Getting started. Your baby is born with what is called a "rooting" reflex. Instinctively, she will open her mouth and move her head back and forth to signal she is hungry. You can stimulate this reflex by gently caressing her cheek with your finger--whichever side you rub is the direction she will turn. Another technique to try is to run the tip of your nipple around your baby's lips--the gentle stimulation is sure to get her attention. Remember, she needs to be able to fit your whole nipple (or as much as she can) into her mouth, and the wider she opens up, the better "latch" she'll get. Once her mouth is open, cup your breast between your thumb and fingers, and guide your nipple towards the back of her mouth. If you can, stroke the roof of her mouth with the tip of your nipple--this will stimulate her sucking reflex, causing her to close her mouth around your nipple. Once she has a comfortable grip and begins to suck, she is "latched on." This may take a few tries, so be patient--this is new for the both of you. Some initial discomfort is normal, but if you are in pain, or if she slips off or is hesitant to close her mouth around your nipple, hook your finger around the corner of her mouth to release suction and start over.
Put your best foot forward. Nurses and lactation consultants have been at your disposal during your hospital stay, but once you're home, it's up to you to continue to apply what you've learned to achieve breastfeeding success. Your milk should "drop" (or "come in") any day now, and it is important that you take proper care of yourself to ensure your supply keeps up with your baby's demands. It is recommended that nursing moms amp up their diet by consuming an extra 600 calories per day (300 caloies above your pregnancy range). Two extra snacks a day (such as a cup of low-fat cottage cheese and a medium size peach or apple, and a handful of peanuts or cashews and a cup of low-fat yogurt) will easily compensate for the increased nutritional needs. (Find more 300-calorie snacks and meals here.) Nursing burns a lot of calories, and not making up for the loss can quickly diminish a mother's milk supply (and energy) no matter how often you nurse. Continue to take your prenatal vitamins, drink plenty of fluids (water and juices are best) and get some rest. This will help keep exhaustion at bay and your milk supply up.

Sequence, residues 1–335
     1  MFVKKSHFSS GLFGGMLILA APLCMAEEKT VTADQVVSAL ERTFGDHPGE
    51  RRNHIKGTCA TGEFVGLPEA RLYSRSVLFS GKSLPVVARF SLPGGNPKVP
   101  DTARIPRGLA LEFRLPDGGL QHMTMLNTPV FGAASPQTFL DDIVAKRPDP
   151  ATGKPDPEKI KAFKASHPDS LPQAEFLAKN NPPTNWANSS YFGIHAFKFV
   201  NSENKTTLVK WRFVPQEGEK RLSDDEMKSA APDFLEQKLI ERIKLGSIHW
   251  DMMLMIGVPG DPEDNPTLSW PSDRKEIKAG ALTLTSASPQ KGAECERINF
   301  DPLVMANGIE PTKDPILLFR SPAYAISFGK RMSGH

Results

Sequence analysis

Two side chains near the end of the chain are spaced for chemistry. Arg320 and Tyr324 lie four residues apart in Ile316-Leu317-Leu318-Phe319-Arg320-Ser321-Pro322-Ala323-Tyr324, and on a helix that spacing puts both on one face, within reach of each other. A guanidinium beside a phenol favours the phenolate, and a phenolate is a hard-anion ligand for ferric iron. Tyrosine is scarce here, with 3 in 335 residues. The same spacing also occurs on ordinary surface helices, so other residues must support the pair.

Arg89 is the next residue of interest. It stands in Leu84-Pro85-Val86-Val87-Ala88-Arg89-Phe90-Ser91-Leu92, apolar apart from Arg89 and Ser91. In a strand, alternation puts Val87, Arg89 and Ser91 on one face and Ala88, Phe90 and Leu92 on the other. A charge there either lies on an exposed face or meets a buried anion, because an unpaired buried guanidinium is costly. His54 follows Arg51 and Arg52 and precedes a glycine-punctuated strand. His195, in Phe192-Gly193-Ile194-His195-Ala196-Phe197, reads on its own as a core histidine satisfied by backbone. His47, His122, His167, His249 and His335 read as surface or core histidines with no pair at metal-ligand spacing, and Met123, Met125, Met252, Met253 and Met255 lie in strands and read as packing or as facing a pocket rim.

Oldies but goodies--more tricks for success. The milk ducts in your breasts react well to stimulation. Try massaging your breasts, starting at the top and working your way down toward the nipple. Use firm but gentle pressure--never squeeze, as this can bruise delicate and swollen tissue. While your baby is nursing on one breast, massage the other with your free hand. Let her nurse on one side for at least 10 minutes, and then switch her to the other--favoring one side can decrease milk production in the neglected breast and cause overproduction in the one she prefers. This overproduction can also clog milk ducts.
Heat is another good stimulant. Before nursing, apply hot compresses to your breasts--washcloths work well because they can wrap around the whole breast. Wet them in warm to hot water and apply them to your chest. The heat will relax the tissue, releasing your milk. You can repeat this process as often as necessary until your milk drops.
Most importantly, always make sure you are relaxed and comfortable. Find a quiet place in your home and make it your regular spot to nurse. Your baby will begin to recognize that when she is in the "nursing chair," it is time to eat. Bring with you something to sip on to keep hydrated throughout the feeding. Get comfortable by placing a nursing pillow around your waist to support your arms, and lower the lights or turn on some relaxing music if needed. Remember, nursing is more than just meal time for your baby, but a special opportunity for the two of you to bond, so get cozy and make the most of it.
Get support. It's easy to get discouraged or frustrated if you're having trouble nursing. But remember that breastfeeding takes practice, and experiencing difficulty is actually very common. Lean on other moms with similar experiences for support and encouragement, and be open and honest about your setbacks. Most importantly, cut yourself some slack; you don't have to be a nursing champion to be a good mom. If you cannot continue to nurse--for whatever reason--anything you've been able to give to your baby is better than nothing at all. The main thing is that she continues to get proper nutrition, and switching to formula does not signal failure. Feelings of guilt or worthlessness will only steal the pride in all you've accomplished.
Good luck, and start nursing, Moms!